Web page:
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Need advice - does this curriculum for Math & Science (at Toronto) look good?

  1. Jan 2, 2007 #1
    I'm about to begin the last semester for my first degree. Somewhere in the first couple of years (I spread it over 5 years as I took time off and worked in the middle) I decided that I would eventually get into the physics program at Toronto. My family did not approve and so I stuck it out with the program I was in at the time. I'm not really bothered by it--I've had a blast.

    Getting back to the story--I always thought that physics was interesting and it would be the road I eventually went for. I was certain that I was going to apply to the physics program when the time came. Then I went back and forth with math. Finally I found a specialist program offered at the University of Toronto which seems to offer enough of both to satisfy me.

    However, I would like feedback from those who have been through a math or science program and know what to look for (particular courses). I want a good coverage of undergrad topics.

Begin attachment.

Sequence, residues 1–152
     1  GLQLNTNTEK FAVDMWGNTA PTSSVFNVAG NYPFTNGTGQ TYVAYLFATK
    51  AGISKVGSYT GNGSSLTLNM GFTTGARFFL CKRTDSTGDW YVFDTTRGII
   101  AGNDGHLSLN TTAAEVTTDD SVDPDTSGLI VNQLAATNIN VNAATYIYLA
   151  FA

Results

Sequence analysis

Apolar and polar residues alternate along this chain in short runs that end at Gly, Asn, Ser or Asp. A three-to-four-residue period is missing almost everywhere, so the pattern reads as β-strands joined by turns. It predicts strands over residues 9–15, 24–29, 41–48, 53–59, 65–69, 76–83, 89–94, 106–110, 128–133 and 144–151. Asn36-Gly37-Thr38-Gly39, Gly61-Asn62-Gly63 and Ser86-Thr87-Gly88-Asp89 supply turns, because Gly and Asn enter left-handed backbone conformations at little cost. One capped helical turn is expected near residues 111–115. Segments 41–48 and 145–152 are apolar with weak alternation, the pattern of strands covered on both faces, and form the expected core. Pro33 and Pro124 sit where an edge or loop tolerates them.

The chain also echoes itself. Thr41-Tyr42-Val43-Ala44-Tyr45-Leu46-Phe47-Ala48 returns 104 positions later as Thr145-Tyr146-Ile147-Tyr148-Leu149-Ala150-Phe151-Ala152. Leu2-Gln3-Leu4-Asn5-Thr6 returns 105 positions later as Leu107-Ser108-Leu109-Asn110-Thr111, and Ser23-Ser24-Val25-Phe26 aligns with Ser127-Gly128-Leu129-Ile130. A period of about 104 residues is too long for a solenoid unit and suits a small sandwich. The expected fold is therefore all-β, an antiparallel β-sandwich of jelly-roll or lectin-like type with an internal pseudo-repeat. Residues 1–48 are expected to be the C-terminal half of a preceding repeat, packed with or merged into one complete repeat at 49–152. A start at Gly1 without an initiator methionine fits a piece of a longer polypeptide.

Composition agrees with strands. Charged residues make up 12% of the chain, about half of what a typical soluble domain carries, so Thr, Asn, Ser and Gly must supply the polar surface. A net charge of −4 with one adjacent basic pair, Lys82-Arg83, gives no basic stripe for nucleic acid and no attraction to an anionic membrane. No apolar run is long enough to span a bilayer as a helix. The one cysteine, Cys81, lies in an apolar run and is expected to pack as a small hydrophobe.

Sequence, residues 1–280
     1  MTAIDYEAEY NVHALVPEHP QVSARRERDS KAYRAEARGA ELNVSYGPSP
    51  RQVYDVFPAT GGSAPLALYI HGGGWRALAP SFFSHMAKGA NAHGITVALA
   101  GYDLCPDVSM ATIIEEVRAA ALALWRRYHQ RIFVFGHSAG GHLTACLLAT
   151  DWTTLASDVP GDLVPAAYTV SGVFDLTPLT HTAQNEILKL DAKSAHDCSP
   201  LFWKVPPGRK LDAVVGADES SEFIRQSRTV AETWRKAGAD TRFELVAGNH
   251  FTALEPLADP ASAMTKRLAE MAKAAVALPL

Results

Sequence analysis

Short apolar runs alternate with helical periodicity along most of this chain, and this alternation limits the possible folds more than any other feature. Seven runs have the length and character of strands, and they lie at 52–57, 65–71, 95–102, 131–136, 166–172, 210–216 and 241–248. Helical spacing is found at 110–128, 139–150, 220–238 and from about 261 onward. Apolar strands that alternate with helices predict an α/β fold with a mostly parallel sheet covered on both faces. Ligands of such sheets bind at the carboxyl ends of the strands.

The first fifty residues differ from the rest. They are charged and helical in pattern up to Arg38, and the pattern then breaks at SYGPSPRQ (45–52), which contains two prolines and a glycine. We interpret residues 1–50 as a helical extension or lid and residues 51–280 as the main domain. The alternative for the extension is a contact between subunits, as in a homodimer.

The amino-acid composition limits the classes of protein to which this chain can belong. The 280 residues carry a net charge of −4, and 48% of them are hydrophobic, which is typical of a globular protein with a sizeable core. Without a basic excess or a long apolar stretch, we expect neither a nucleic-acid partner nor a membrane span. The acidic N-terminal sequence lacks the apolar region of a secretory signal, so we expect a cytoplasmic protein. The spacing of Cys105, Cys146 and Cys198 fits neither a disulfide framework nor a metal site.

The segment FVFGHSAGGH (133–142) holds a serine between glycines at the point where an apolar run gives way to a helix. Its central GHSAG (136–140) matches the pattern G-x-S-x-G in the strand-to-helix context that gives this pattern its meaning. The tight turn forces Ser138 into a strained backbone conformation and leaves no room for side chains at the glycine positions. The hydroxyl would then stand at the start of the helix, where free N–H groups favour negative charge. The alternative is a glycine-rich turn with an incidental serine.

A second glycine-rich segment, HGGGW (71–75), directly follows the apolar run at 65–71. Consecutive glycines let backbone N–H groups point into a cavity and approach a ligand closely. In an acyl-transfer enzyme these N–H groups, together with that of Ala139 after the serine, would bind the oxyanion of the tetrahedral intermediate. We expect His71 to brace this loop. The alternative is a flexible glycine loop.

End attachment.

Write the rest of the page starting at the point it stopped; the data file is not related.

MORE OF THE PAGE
http://www.artsandscience.utoronto.ca/ofr/calendar/prg_mat.htm [Broken]

    It is the program listed at the very bottom of the page, "Mathematics and Physics(Science program)". The curriculum is:

    First year: Analysis I, Algebra I, Algebra II, Foundations of Physics

    Second year: Analysis II, Advanced Ordinary Differential Equations I, Fundamental Physics Laboratory, Electricity and Magnetism, Thermal Physics, Oscillations and Waves, Introduction to Quantum Physics

    Third year: Partial Differential Equations, Introduction to Topology, Complex Analysis I, Real Analysis I, Introduction to Differential Geometry, Classical Mechanics, Electromagnetic Theory, Quantum Mechanics I